Frank Stella: Experiment and Change

12 November 2017 - 8 July 2018

NSU Art Museum, Fort Lauderdale, FL.

 

NSU Art Museum Fort Lauderdale will present Frank Stella: Experiment and Change, an exhibition that spans the artist’s 60-year career from the late 1950’s to the present. The exhibition, composed of approximately 300 paintings, relief sculpture and drawings, will offer insight into his trajectory from minimalism (e.g. the geometry of the black paintings) to maximalism (e.g. the spatially complex constructionist and large sculptures of the Moby Dick series.) Curated by Bonnie Clearwater, Director and Chief Curator, Experiment and Change leads the museum’s 60th anniversary celebration presented by AutoNation.

The exhibition juxtaposes works from various periods of Stella’s career, revealing his aesthetic development and focusing on his “Working Archive,” which contains material never exhibited before, such as notes, sketches and maquettes that shed light on his growth as an artist. Stella’s diverse interests include art history, architecture, new materials (fluorescent pigment, carbon fiber, titanium, et al.) and computer-aided modeling for rapid prototyping. His preparatory studies show the ideas in his work that led to a notion about the enlargement of pictorial space. Included will be penciled color sequences for the larger concentric square paintings (1973), flat foam-core cut-outs leading to the emergence of a more generous “working space” and 3D printed models from the 1990’s through the present outlining the use of digital technology.

Frank Stella. Paradoxe sur le comediene, 1974. Synthetic polymer paint on canvas. 142 x 284 inches  360.7 x 721.4 cm. Photo credit: Jason Wyche. © 2017 Frank Stella / Artists Rights Society (ARS), New York.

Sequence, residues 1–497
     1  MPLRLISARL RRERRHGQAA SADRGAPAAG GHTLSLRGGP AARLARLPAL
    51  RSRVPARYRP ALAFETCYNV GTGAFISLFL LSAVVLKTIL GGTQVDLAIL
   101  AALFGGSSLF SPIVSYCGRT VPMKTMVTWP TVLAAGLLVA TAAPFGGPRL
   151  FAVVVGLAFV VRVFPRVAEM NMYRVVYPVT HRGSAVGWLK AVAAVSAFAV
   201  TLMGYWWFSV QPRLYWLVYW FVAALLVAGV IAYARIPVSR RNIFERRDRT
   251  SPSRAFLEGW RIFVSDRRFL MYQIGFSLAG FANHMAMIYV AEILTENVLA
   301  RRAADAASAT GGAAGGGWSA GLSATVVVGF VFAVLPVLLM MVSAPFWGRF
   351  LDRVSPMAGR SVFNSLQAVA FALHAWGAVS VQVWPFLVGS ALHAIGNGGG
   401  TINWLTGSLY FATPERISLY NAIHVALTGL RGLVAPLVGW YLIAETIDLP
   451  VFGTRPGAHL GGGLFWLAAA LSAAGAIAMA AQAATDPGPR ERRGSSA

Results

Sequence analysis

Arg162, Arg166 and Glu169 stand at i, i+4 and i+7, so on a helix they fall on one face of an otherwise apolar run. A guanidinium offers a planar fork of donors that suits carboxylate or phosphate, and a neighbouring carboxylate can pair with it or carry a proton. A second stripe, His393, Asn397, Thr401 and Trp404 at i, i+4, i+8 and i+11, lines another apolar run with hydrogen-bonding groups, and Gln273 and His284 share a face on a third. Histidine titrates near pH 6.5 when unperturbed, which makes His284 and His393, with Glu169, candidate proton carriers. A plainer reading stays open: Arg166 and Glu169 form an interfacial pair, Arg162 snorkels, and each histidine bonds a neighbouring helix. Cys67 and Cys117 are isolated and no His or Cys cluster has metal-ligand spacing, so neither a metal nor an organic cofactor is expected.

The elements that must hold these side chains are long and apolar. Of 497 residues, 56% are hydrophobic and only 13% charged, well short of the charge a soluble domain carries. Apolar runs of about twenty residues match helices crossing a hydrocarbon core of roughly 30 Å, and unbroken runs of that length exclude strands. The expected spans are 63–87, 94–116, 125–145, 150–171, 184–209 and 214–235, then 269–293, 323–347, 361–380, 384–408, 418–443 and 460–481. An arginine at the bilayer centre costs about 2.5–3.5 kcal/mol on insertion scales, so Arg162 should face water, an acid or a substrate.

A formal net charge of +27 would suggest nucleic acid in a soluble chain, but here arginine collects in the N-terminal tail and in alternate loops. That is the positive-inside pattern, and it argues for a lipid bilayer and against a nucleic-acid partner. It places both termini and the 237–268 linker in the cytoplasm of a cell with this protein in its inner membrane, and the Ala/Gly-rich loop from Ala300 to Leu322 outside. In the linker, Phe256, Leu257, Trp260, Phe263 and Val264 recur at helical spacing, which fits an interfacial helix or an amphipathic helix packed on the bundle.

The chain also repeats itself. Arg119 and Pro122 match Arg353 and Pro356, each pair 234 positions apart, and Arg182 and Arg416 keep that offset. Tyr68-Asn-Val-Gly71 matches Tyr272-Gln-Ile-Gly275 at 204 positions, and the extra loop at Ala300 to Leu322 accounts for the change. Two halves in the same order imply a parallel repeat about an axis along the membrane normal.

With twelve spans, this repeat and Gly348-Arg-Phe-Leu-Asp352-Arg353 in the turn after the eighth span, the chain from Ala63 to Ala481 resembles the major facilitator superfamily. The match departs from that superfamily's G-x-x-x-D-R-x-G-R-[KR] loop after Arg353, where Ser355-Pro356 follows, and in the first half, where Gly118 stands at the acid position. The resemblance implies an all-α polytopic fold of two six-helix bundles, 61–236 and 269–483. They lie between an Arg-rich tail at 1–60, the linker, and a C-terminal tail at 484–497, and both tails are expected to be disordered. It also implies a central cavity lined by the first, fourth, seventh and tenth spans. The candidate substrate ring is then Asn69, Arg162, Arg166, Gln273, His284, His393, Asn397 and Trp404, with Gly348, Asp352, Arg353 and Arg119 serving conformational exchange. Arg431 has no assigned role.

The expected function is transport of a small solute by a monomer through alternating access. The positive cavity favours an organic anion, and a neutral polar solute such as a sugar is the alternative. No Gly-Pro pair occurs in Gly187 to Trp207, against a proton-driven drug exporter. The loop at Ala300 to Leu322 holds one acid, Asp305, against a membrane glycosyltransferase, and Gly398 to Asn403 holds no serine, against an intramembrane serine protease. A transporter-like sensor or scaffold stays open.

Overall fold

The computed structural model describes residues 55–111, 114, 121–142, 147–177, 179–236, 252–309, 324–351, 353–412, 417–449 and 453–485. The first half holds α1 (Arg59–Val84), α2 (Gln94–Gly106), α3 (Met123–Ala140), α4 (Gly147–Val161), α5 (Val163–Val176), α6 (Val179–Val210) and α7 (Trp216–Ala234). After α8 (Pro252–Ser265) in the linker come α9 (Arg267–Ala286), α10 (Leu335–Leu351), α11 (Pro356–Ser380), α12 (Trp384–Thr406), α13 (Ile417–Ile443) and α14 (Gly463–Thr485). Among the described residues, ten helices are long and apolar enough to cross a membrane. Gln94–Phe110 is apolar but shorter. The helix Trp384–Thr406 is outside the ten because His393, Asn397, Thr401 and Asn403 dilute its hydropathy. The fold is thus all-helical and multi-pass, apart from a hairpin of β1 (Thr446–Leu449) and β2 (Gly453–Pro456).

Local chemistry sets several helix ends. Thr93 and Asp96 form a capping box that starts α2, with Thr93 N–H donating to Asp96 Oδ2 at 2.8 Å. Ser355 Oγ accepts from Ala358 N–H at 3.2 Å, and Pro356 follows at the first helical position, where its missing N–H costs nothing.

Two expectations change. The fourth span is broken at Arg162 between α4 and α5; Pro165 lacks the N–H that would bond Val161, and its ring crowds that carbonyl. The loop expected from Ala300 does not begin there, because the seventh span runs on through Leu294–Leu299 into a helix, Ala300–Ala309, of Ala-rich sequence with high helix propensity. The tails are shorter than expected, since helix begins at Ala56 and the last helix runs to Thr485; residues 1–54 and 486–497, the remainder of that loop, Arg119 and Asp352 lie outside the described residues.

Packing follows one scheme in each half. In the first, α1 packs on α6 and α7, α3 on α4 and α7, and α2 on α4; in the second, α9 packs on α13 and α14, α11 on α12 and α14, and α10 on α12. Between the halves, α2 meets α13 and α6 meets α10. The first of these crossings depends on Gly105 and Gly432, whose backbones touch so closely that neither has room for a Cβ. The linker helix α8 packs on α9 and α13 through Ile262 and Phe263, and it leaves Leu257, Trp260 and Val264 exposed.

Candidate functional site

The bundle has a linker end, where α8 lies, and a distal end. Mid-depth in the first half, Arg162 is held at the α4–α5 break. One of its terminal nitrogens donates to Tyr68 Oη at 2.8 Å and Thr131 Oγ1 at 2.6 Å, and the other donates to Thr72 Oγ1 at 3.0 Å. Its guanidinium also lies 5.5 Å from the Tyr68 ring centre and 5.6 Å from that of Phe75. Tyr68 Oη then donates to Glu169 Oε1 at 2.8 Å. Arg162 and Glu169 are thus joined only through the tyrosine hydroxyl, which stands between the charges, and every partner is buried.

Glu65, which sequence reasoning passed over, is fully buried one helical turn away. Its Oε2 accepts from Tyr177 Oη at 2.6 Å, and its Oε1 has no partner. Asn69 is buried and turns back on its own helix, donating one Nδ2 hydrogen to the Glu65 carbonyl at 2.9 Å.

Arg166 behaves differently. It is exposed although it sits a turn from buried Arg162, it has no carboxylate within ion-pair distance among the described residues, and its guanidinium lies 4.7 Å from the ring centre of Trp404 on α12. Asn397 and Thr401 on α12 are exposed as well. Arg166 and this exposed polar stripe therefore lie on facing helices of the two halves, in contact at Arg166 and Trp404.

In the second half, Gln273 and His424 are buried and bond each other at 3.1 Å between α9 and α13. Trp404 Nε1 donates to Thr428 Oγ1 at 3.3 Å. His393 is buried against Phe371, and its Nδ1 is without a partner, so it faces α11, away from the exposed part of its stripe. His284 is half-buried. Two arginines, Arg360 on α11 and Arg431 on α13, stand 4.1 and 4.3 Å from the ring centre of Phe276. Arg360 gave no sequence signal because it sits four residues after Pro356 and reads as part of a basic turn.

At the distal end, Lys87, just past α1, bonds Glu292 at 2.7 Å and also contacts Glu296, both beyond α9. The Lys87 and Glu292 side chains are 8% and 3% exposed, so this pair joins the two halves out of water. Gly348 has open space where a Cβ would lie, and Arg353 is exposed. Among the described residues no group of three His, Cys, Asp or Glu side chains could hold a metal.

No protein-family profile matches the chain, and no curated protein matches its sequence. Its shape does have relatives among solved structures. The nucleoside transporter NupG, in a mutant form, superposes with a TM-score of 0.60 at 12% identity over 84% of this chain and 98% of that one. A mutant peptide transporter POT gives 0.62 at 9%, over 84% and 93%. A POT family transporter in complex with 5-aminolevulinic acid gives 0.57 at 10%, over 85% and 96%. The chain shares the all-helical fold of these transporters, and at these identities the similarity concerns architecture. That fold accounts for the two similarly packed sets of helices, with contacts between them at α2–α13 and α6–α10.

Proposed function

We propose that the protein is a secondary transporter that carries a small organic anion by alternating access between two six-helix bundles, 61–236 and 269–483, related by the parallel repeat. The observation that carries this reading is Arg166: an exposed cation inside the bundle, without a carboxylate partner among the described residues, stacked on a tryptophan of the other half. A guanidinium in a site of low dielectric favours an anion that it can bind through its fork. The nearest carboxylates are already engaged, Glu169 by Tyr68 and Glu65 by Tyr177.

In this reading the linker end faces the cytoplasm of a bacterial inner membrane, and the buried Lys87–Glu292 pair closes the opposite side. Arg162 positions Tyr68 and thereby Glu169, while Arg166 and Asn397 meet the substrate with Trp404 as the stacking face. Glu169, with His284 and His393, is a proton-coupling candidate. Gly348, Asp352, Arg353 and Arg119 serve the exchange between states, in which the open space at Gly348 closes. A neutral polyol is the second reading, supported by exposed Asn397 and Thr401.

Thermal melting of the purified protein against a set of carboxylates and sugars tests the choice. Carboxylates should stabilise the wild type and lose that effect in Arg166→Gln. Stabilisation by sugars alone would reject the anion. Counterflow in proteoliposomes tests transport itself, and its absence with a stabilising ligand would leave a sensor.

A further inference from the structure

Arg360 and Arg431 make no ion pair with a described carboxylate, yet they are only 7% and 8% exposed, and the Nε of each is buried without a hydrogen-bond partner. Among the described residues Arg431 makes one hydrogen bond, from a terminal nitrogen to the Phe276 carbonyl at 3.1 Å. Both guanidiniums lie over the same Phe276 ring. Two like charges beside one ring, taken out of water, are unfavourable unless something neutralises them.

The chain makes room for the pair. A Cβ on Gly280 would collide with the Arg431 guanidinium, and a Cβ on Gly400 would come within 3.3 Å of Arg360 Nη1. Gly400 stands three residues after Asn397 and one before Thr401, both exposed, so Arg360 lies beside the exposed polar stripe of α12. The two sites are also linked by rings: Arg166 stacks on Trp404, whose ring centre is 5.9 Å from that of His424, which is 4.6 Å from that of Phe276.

Frank Stella’s Experiment and Change is part of NSU Art Museum’s Regeneration Series, exhibitions designed to explore the wide-ranging impact of World War II on artists in Europe and the United States. It was launched in 2016 with Anselm Kiefer from the Hall Collection. Stella’s work is grounded in the post-war philosophical shift in which the individual was to master his/her own existence as popularized through the zeitgeist of existential philosophy, phenomenology and gestalt psychology. When Stella stated in a 1964 radio interview, “What you see is what you see,” not only was he suggesting that his compositions were nothing more than their appearance, but he was also pointing out that his work dealt with the psychology of perception and could be rephrased as, “What you see is how you comprehend what you see.”

nsuartmuseum.org

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